Well another August is here and it’s time for a theme month. This year’s theme is something I’ve wanted to do for a while, but it’s also inspired by one of CR’s shows on That Guy with the Glasses called Cheap Damage, where he looks at various table top, card and other kinds of games. Though I’m not expert in that field, I do remember playing some of the collectable games that were giant fads while growing up. And, what do you know; most of them were turned into video games! So this year I’m kicking off Cheap Dam-month with Pokemon Trading Card Game for the Game Boy Color.
The Pokemon Card Game is played with decks of 60 cards of 3 types: Pokemon, Trainer and Energy. The trainer cards allow you to do things that you can’t normally do on your turn. These include dealing more damage with your attack, drawing extra cards or healing your Pokemon, for example. You may use one per turn. The Pokemon are what you fight with. You need one Pokemon as your active and you can have up to 5 others on the bench to either be switched out or come in once the active Pokemon has been KO’d. The energy cards are used for the attacks: most attacks require you to “attach” a certain number of energy cards of a certain type (displayed next to the attack name) to a Pokemon. The white star is “normal” and any energy card can be used for it, while the others need an energy card of that matching symbol. Once your active Pokemon has enough energy on it, you can choose to attack once at the end of your turn. The opponent’s active Pokemon takes the damage indicated next to the attack, but a lot of attacks have additional effects, so be aware of its conditions. Once a Pokemon has more damage than HP, it is knocked out and it and all cards attached to it get discarded. The opponent who knocked out the Pokemon may take one of the “prize cards” set aside at the start of the match. A game is normally won when a player draws all of his prizes, but you can also win when your opponent has no more Pokemon on the field or when they cannot draw a card from their deck.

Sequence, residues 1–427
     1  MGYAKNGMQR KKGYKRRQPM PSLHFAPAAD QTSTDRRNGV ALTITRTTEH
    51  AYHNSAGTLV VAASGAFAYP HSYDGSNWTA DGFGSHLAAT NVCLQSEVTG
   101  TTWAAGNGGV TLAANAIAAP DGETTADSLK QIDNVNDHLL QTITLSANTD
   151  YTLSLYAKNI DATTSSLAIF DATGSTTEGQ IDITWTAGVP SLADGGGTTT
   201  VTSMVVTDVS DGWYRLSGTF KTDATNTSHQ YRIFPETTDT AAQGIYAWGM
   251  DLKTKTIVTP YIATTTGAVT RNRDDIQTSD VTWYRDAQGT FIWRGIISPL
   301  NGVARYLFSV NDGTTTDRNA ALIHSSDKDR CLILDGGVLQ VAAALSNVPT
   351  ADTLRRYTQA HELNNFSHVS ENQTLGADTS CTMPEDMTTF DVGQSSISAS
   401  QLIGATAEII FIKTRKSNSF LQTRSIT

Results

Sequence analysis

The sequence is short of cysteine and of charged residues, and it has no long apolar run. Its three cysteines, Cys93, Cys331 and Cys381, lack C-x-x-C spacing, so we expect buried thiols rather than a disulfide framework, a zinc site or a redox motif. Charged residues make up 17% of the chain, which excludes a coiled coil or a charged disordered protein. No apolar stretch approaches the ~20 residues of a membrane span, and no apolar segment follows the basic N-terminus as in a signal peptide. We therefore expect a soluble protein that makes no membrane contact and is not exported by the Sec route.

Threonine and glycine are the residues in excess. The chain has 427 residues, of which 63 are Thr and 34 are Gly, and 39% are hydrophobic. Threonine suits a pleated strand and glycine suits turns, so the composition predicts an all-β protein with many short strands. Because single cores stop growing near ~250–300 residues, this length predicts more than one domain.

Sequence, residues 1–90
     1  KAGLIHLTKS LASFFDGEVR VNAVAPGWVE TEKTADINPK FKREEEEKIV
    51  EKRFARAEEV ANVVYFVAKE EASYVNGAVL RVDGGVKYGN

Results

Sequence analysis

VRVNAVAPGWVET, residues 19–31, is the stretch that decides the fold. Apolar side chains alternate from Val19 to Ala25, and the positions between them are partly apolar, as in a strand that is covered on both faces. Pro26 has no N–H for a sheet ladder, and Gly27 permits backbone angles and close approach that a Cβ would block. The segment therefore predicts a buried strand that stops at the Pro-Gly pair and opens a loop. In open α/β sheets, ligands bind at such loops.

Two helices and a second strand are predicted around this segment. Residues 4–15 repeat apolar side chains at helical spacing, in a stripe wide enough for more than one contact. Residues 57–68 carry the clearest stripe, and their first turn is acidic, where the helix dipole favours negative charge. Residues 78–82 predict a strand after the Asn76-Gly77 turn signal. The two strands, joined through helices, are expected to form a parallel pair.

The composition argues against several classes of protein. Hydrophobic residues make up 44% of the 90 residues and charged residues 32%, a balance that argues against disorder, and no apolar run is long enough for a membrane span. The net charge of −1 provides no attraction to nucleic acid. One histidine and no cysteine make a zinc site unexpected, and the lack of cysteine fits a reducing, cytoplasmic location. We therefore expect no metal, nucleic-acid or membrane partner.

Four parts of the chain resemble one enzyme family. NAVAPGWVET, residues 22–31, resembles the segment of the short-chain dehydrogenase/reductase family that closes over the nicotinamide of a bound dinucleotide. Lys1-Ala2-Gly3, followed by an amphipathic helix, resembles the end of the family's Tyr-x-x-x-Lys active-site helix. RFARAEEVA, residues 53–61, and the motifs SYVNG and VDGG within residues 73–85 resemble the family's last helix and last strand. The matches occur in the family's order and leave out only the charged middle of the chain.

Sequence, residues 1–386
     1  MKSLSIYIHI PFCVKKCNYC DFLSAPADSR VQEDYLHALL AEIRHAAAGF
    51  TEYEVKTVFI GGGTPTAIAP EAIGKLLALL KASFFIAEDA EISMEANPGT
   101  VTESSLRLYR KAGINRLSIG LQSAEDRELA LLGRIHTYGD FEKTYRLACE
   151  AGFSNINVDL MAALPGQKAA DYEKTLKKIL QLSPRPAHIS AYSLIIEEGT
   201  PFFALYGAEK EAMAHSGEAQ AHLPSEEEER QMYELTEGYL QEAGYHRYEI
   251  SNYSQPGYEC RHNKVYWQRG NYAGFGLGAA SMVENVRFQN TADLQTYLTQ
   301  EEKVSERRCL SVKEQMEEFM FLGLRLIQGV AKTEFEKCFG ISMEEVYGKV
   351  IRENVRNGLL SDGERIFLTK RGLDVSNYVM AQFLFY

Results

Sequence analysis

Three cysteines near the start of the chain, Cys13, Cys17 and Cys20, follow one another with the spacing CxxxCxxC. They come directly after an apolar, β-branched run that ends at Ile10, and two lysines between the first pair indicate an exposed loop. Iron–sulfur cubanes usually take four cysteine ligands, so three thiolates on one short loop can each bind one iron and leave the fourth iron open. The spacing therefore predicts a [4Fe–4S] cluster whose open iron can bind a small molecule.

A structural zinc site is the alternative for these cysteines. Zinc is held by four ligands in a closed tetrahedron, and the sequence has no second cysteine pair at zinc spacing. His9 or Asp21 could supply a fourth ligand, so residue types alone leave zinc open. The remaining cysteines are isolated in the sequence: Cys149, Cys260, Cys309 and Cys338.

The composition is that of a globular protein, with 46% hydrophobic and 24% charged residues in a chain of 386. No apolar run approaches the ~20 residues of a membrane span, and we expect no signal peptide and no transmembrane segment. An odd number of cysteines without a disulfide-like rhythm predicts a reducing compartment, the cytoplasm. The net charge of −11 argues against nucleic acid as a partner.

Of course, one of the biggest things about Pokemon is the fact that they evolve, and that has been implemented in the card game. You may only play down “basic Pokemon” (the first stage of any evolutionary line) in an empty slot. Once a turn, if you’re holding the evolved form of a Pokemon you have in your field, you may place it on top of that Pokemon. The evolved Pokemon keeps everything attached to the previous form, but is cured of attack effects and can no longer use the attacks of its last form. And though not every Pokemon has them, you should check your Pokemon’s weakness and resistance (which effects how much damage it may take), retreat cost (the amount of energy cards you much discard to switch your active Pokemon) and Pokemon power (which are free to use abilities).
Now, with all that said, the best thing about the Pokemon Trading Card Game video game is that everything I just said would also apply to the actual card game. So, if you’ve play it before, transitioning to this version should not be a problem (keeping in mind there have been many additions to the card game since this was published). It’s great how they were able to authentically recreate the experience.
Pokemon Tading Card Game is interesting when you think about it; it’s a video game version of a card game based off a video game. That being said, it’s a great recreation of a great card game that used inspiration from the video game really well, but knew when to take liberties. The basics are simple, and as you’ll play, you’ll learn how to balance a proper deck, what the better attacks are and how to adjust for your strategy. The problem is if you’re already familiar with the game, you might not get all that much game play out of it: I built 2 decks as quickly as I could and wiped the floor with everyone until the elite 4, and even then I just slightly edited one deck to win. The link cable feature could have offered good competitive play at the time, but if you had all the stuff for it, you probably had the actual cards. The best use of the game today is for anyone who wants to play the card game, but can’t find anyone around to play with or finds card collecting to be too expensive. The over world graphics look comparable to the first gen games and the recreation of the cards are almost flawless. The music is only alright though. Basically it’s a game that didn’t aim to do anything complicated and succeed beyond expectation. I give Pokemon Trading Card Game for the Game Boy Color 9 levels out of 10.